Implication: So what can the operator do to guard against intraneural and more importantly, intrafascicular LA injection? The only intervention that can eliminate intrafascicular (and probably also intraneural) injection is to use an 18G (or larger) Tuohy needle. The needle’s calibre is such that it is simply not possible to place inside a nerve fascicle, and with the exception of the sciatic nerve, its diameter and tip configuration virtually precludes it from being placed inside a nerve. Where possible, the needle should be inserted so it approaches the nerve along its long axis (rather than perpendicular), which will further protect against nerve impalement.

Ultrasound, nerve stimulation and injection pressure monitoring are all useful in providing additional operator reassurance regarding appropriate extraneural injection.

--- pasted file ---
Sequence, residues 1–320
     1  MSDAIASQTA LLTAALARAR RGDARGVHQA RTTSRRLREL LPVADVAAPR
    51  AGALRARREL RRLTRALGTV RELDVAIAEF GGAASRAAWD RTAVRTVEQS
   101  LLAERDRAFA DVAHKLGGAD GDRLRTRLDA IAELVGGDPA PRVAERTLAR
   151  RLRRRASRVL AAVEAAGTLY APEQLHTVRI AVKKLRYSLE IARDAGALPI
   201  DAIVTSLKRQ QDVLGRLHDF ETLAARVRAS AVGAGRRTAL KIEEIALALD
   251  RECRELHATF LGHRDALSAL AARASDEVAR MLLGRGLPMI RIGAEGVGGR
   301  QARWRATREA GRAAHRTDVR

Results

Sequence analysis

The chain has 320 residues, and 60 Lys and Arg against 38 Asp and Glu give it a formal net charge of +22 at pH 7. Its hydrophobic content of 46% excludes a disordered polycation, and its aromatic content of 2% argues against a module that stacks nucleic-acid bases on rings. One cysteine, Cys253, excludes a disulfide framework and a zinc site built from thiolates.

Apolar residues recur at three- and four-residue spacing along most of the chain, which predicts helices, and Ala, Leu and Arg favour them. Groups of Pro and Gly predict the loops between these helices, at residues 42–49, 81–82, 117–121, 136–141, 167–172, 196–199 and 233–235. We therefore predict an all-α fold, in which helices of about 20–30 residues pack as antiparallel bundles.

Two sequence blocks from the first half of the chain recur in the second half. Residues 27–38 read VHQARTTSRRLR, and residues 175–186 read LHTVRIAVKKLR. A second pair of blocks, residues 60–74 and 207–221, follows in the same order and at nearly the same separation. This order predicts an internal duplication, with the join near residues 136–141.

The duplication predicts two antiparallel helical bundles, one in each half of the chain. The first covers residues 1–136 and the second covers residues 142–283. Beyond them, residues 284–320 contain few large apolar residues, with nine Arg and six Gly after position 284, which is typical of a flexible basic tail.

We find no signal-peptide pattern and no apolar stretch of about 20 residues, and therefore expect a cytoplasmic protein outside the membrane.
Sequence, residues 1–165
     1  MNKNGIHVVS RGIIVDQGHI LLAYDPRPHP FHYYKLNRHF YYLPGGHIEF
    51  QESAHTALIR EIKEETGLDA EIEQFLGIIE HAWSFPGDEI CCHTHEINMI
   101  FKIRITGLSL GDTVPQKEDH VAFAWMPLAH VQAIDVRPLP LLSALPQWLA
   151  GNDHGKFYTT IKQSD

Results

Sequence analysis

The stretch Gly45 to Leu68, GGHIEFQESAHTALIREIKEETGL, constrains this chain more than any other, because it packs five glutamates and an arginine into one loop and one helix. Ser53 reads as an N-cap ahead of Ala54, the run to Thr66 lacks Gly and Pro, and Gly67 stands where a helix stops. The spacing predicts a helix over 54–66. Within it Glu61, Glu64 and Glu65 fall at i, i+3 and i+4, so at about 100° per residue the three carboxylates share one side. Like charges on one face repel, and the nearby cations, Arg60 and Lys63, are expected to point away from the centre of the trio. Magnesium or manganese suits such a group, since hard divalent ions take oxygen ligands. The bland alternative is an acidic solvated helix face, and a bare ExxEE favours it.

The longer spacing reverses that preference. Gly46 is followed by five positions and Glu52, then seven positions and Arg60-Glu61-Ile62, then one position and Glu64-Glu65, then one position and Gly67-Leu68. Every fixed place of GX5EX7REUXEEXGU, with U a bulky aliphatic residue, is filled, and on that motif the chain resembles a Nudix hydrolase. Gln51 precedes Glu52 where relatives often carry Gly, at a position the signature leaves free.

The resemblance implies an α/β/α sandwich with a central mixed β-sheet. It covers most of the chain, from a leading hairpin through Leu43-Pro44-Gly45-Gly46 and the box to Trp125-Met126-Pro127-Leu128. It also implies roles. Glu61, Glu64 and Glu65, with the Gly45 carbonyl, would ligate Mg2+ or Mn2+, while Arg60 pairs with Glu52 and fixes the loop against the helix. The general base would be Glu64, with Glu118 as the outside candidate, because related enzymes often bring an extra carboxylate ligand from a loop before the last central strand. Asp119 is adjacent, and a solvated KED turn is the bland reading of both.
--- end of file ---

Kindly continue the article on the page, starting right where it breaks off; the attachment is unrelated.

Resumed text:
Avoiding central neuraxial needle placement

Complications related to central neuraxial needle placement have been some of the most devastating and include not only epidural, subdural and total spinal block, but also permanent neurological deficit, hemiplegia (secondary to injection related syrinx formation) and death. Blocks associated with these complications include paravertebral block (including lumbar plexus) and interscalene block. Interscalene block is frequently implicated for one unique reason: interscalene block is the only peripheral nerve block where it has been common practice to angle the needle directly towards the neuraxis. It has been suggested that an intracordal syrinx can form secondary to intraneural nerve root injection with subsequent proximal tracking of the LA into the spinal cord. To avoid these complications:

For interscalene block:

1. Preferably use an anterolateral needle approach which makes intervertebral foramen penetration virtually impossible.

2. Limit needle tip depth to one half the distance from the skin to the vertebral column (< 1.25 cm in most but certainly < 2.5 cm).

 

For both interscalene and paravertebral blocks:

3. Use a blunt large calibre needle (e.g. an 18 G Tuohy) which will make nerve root implalement impossible and dural puncture unlikely.